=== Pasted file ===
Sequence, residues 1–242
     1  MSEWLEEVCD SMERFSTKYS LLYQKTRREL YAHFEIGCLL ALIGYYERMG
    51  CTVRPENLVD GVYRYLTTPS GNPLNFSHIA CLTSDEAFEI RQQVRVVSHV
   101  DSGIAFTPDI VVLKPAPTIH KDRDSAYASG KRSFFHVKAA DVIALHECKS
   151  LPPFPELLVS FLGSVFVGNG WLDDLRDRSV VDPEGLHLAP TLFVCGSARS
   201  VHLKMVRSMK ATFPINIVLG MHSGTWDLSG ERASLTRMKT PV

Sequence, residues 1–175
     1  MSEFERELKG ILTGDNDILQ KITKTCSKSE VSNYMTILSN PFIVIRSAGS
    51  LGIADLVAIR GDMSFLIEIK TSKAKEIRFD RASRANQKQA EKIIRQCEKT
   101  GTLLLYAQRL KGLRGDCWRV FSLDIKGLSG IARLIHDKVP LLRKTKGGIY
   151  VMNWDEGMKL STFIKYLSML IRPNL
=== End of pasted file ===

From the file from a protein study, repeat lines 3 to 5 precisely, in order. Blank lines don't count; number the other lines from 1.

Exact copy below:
    51  CTVRPENLVD GVYRYLTTPS GNPLNFSHIA CLTSDEAFEI RQQVRVVSHV
   101  DSGIAFTPDI VVLKPAPTIH KDRDSAYASG KRSFFHVKAA DVIALHECKS
   151  LPPFPELLVS FLGSVFVGNG WLDDLRDRSV VDPEGLHLAP TLFVCGSARS